Property investment is a traditional form of business with both residential and commercial properties. But one type of property is seeing a surge in Europe, according to the Financial Times. Ecommerce is driving a boom in logistics property investment. Retailers are attempting to keep up with consumer desires moving more and more into the online world. As they do so, they need more space for warehousing and distribution hubs. Investors spent €19.8 billion on these types of property in 2014, a higher amount than in the previous seven years and 34% more than 2013. The cause of this is retail companies trying to maintain and expand changing supply chains.
In the UK, investment in logistics properties rose by 65%. It reached €7.9 billion in 2014, reports Property Data. The rest of Europe saw expansion too. Online retailers are growing, and e-commerce across borders is becoming more common. Ireland saw a substantial increase in investment too. Meanwhile, Finland and Spain also experienced sharp rises in the figures. Where retailers once did everything in stores, it’s now taking place in warehouses and similar. Ecommerce retailers now have to expand to add distribution space to their businesses. But they need to add other services too. A retail business might need a pallet collection and delivery service, a fleet of delivery vans and drivers, and a customer service team dealing with deliveries.
Major UK businesses such as Next, Waitrose and Primark have sought out new warehouses of over 900,000 square feet. Meanwhile, international firms are getting a look in too. Amazon has secured 1 million square feet of warehousing in the Midlands. It’s ideally positioned for delivering all over the UK. Firms are taking advantage of the wider European market too. Amazon is building fulfillment centers in Poland and the Czech Republic. Meanwhile, ASOS, a British fashion retailer, has opened a distribution hub in Berlin. They have also recently secured an adjacent plot to begin expanding.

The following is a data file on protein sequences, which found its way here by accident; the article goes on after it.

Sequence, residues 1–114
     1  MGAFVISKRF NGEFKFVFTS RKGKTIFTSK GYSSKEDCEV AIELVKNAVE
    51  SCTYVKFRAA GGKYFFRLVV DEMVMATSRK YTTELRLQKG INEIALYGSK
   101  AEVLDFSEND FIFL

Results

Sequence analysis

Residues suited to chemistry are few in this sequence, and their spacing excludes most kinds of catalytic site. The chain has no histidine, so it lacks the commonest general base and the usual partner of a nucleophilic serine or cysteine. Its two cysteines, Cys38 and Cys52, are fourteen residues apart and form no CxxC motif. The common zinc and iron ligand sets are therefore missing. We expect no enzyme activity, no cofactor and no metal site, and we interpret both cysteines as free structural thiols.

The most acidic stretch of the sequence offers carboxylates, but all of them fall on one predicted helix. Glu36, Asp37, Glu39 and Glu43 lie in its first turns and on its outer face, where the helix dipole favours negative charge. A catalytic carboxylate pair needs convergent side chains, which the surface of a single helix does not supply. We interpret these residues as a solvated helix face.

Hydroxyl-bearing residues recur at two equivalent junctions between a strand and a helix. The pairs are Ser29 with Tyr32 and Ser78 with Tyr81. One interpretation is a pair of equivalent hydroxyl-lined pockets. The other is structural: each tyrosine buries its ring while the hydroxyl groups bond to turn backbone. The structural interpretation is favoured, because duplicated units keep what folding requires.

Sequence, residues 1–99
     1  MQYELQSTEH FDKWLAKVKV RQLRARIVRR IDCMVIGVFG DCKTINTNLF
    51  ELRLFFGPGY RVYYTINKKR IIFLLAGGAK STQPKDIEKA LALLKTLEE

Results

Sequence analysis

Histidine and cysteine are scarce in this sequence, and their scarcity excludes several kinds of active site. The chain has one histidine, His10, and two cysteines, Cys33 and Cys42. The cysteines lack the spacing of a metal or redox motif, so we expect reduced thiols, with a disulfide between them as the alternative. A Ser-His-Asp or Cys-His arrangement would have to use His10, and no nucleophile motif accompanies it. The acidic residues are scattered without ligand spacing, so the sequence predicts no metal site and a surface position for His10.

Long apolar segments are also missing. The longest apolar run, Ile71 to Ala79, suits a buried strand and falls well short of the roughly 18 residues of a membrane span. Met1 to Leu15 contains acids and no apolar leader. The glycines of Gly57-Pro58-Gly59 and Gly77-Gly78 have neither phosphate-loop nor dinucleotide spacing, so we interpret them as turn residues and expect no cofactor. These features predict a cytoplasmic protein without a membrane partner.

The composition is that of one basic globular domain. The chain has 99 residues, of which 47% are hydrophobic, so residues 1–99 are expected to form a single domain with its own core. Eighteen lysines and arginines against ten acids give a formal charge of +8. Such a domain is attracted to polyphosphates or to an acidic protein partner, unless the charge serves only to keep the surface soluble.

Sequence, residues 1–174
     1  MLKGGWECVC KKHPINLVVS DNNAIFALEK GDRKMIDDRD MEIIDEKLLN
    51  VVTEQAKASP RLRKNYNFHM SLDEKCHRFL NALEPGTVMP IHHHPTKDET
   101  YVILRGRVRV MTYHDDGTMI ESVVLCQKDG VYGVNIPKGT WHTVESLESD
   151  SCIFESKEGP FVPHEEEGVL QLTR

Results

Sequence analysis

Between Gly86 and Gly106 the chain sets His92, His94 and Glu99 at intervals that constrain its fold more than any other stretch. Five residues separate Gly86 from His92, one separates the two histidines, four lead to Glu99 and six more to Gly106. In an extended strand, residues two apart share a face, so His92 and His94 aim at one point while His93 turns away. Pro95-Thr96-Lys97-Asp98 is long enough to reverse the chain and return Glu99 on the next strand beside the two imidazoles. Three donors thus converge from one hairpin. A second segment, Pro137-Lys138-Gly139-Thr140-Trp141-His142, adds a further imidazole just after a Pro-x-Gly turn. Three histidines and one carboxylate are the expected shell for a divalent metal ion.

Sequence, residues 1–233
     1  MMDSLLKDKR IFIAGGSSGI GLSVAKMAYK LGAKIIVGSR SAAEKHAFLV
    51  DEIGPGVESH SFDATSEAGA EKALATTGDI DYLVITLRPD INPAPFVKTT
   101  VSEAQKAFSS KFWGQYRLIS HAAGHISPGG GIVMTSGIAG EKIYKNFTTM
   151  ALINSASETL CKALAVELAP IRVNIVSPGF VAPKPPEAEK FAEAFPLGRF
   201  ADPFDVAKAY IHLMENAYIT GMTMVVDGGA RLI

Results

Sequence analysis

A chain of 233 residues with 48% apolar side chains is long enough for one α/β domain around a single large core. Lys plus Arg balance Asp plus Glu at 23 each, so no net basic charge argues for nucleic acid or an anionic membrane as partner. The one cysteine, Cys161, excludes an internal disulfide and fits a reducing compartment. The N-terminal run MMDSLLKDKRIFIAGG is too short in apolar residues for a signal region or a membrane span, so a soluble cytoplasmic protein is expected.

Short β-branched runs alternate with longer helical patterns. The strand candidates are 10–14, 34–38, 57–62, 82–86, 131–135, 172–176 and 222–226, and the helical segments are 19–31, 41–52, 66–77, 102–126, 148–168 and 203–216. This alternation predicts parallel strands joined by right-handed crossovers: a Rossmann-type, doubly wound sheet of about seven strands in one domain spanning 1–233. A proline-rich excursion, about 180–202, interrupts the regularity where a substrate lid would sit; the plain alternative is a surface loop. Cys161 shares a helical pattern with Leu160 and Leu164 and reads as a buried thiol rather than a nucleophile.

Nick Beighton, chief operating officer at ASOS, said: “Europe is a very big market with lots of potential, so we’re investing heavily. Customers are demanding different experiences…The upstream supply chain has to change.”
Companies are primarily investing in massive fulfillment centers of over 500,000 square feet. But they are also looking at smaller parcel delivery facilities in dense city zones. Distribution centers in urban locations offer businesses access to dense populations. Logistical real estate is becoming more popular with investors. They realize that they can have long leases on a property that’s easily managed. Rents are on the rise, due to a growth in demand an undersupply, leading to better returns for investors. In addition, using a Reverse 1031 Exchange can help investors take the time to find the perfect replacement property and actually close on that property using a reverse exchange.
As online retail continues to expand, businesses everywhere will need to meet demand to deliver straight to their customers’ doors. Warehouse space and distribution centers are essential to this type of retail. So the requirement for logistics real estate will only continue to grow. Perhaps commercial property investors should consider changing their tack to fit this growing market.